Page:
Malik Gillani, co-founder of Silk Road Rising, a non-profit performing arts organisation in the Chicago area, shares an excitement for creative engagement with his audiences. “When patrons tell me after viewing one of our productions that they have a better sense of Asian and Middle Eastern communities,” he says, “I feel a sense of accomplishment in our works.”
Gillani and his partner, Jamil Khoury, founded Silk Road Rising as a response to negative reactions and stereotyping of Muslims after 9/11. […]
When Faridoun Hemani left his Vancouver home to cover the assassination of former Egyptian President Anwar Sadat in Cairo in 1981, he expected to return a few months later. The Arab world was undergoing rapid geopolitical changes, and Hemani arrived in the midst of a shifting world order on the Arabian peninsula.
Instead of returning to Canada, he found himself at the front lines of Middle Eastern political and war reporting for the next two decades. […]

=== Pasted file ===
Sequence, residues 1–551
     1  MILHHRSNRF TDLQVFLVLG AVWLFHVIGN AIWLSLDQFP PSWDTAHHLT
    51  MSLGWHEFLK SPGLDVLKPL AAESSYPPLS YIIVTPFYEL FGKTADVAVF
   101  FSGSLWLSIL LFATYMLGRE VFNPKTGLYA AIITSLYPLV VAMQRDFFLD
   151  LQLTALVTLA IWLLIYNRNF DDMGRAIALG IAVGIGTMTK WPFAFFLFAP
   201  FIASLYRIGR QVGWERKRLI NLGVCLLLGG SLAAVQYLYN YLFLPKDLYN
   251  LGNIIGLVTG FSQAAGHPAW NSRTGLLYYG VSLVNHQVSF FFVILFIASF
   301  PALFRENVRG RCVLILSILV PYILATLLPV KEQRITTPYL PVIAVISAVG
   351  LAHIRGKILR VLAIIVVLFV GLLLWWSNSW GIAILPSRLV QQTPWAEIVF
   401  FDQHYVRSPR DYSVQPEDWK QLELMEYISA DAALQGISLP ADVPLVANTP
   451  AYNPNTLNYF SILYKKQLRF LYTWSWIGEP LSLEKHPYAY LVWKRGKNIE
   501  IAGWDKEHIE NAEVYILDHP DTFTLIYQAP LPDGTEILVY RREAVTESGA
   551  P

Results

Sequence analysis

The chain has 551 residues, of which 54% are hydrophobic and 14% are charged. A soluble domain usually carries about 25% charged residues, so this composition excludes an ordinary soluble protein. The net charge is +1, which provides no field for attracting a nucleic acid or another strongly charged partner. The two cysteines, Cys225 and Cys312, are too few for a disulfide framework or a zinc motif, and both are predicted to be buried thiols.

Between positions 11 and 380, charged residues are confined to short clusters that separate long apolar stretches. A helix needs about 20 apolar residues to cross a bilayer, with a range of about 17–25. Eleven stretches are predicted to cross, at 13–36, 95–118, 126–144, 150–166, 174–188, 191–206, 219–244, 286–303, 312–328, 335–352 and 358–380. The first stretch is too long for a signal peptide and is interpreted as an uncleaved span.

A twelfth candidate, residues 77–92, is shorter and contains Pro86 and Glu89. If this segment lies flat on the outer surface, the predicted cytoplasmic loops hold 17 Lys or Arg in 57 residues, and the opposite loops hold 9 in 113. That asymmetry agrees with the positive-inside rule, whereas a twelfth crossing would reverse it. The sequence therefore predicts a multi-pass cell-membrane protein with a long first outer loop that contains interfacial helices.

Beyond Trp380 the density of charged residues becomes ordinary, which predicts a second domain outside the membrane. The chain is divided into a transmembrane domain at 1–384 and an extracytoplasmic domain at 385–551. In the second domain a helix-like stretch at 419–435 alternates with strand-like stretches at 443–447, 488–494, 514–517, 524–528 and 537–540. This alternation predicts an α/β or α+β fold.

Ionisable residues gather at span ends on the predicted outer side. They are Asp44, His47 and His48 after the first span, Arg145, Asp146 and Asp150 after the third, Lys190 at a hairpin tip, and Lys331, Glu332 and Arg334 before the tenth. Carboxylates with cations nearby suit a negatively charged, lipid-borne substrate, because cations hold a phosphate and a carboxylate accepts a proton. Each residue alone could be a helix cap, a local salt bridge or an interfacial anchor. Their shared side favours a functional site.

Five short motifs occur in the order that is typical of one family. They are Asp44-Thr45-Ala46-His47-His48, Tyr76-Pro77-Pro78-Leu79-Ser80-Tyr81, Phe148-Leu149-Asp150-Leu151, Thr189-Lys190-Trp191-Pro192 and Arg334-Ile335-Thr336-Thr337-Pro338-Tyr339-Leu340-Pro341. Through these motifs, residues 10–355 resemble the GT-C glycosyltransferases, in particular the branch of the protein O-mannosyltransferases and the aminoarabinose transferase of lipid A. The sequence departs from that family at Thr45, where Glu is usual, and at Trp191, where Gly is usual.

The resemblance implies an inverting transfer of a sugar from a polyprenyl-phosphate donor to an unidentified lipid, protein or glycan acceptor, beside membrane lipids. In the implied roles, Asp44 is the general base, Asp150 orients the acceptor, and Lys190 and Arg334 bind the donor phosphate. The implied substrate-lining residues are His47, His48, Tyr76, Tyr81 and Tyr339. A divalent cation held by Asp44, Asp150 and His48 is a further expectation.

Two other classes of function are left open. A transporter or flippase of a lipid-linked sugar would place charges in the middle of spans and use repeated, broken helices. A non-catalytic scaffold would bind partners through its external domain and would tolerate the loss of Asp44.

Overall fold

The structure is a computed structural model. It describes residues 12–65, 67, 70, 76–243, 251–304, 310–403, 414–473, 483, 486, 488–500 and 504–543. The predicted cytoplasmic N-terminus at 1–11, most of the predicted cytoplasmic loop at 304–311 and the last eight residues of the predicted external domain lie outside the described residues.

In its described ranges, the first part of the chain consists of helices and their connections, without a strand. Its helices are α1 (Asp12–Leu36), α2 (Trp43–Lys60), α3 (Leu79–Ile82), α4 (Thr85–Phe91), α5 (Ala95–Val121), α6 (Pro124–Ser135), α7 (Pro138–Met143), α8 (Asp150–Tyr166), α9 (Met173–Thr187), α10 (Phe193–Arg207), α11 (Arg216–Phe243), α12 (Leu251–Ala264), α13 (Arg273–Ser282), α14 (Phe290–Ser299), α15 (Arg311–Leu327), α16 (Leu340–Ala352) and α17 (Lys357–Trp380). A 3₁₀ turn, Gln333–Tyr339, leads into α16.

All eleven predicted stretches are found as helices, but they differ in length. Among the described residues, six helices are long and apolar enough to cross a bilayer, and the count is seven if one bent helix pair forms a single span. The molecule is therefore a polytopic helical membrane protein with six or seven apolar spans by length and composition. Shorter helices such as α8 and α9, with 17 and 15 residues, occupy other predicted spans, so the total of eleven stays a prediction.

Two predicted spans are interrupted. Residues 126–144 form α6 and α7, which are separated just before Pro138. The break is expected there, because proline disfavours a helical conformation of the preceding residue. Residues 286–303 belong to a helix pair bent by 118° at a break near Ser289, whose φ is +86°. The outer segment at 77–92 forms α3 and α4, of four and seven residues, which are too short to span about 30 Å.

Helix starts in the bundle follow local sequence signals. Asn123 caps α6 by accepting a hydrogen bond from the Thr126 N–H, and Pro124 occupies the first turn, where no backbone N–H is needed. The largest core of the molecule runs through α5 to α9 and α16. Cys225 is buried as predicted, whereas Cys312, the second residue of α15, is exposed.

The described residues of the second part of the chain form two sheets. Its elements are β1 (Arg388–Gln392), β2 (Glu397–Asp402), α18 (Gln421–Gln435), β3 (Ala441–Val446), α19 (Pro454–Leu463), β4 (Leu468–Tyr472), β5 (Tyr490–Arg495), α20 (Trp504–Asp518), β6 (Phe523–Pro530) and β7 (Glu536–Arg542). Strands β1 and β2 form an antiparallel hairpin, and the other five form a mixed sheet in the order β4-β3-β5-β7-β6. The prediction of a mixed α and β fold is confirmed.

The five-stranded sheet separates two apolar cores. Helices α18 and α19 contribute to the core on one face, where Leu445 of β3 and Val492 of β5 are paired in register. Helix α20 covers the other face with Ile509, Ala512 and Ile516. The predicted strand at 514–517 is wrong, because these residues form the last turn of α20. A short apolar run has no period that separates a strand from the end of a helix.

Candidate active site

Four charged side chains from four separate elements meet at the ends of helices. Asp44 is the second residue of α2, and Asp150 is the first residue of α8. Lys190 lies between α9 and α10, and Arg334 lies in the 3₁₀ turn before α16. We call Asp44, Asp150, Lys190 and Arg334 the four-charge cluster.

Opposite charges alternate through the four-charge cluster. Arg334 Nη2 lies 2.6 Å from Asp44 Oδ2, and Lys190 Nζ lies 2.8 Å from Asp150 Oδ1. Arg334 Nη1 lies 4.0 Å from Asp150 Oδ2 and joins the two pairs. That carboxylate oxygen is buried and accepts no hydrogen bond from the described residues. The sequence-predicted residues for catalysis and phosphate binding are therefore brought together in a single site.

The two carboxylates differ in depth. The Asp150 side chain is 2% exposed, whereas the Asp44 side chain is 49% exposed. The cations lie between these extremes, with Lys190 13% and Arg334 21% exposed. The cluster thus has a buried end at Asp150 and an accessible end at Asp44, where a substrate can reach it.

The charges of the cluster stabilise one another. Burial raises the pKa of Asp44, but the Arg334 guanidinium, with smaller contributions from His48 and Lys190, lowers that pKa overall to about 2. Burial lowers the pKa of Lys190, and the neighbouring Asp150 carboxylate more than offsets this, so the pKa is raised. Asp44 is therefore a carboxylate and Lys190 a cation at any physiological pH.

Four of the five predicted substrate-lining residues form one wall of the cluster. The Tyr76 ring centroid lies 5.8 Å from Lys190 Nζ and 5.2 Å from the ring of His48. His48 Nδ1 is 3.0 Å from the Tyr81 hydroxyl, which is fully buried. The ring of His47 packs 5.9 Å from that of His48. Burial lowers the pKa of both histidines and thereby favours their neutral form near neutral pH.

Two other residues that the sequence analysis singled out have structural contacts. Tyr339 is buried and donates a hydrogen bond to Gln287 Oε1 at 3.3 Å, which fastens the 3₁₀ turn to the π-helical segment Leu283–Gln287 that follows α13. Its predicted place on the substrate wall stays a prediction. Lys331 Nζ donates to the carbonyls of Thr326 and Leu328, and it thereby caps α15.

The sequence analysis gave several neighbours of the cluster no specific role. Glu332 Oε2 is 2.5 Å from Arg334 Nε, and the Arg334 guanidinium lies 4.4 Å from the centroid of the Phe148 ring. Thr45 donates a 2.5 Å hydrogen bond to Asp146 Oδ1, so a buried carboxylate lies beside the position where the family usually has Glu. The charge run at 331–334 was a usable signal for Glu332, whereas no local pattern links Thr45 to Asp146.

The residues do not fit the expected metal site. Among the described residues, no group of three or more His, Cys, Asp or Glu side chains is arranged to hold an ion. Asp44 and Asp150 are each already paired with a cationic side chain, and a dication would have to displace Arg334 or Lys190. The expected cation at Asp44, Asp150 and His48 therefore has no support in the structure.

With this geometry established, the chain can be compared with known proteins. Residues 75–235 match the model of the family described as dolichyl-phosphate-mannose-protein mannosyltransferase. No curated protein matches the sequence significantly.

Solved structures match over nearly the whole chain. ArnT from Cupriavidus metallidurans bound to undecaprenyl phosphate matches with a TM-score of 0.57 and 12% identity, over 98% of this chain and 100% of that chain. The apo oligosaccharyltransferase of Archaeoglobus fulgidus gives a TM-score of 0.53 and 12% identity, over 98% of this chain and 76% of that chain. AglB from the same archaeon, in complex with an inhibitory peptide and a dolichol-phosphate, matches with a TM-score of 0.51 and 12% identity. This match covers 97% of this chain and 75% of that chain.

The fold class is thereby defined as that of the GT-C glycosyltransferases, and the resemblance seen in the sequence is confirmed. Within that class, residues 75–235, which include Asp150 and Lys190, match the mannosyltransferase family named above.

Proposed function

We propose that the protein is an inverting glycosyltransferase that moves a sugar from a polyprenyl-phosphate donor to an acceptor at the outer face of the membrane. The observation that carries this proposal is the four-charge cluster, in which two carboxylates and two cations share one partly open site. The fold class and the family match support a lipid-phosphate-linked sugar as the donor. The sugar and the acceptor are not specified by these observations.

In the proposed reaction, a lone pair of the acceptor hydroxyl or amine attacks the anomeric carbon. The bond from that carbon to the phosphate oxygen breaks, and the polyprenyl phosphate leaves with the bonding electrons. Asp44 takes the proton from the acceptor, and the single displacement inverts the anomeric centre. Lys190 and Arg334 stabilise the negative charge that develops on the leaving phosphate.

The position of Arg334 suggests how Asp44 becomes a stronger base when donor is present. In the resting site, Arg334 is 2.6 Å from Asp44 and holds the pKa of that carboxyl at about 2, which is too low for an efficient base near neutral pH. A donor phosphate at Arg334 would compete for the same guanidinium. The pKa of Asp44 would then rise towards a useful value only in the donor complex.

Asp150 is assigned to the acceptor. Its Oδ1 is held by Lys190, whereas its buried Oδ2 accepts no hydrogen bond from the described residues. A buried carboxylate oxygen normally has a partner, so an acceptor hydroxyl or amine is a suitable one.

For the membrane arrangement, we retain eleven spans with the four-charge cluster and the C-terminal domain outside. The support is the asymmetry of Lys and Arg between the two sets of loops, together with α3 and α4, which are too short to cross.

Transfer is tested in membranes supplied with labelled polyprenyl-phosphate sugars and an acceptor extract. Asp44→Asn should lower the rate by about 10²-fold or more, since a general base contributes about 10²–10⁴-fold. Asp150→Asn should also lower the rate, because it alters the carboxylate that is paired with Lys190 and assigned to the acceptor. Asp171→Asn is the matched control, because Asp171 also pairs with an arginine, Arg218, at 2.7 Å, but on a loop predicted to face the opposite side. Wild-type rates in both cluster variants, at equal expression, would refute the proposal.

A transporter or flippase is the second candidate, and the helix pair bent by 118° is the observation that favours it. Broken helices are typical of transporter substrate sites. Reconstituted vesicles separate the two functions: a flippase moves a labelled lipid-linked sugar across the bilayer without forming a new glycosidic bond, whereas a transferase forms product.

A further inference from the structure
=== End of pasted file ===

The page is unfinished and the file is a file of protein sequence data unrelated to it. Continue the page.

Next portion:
With a background in anthropology, Aleem Karmali has a keen interest in the social relationships of distinct societies. Having visited Ismaili leaders in the mountainous regions of Tajikistan, aboriginal elders in Alberta, and female Muslim rap artists in the United Kingdom, Karmali gained a deep appreciation for the resilience of minorities in society. He set out to film their stories through documentaries — a medium he sees as a safeguard of their histories, which might otherwise be forgotten.
In 2009, as part of his academic dissertation, Karmali produced a documentary about the generational transmission of Ismaili traditions and beliefs in Tajikistan during the Soviet era. He feels a strong connection between his ethical values and film production.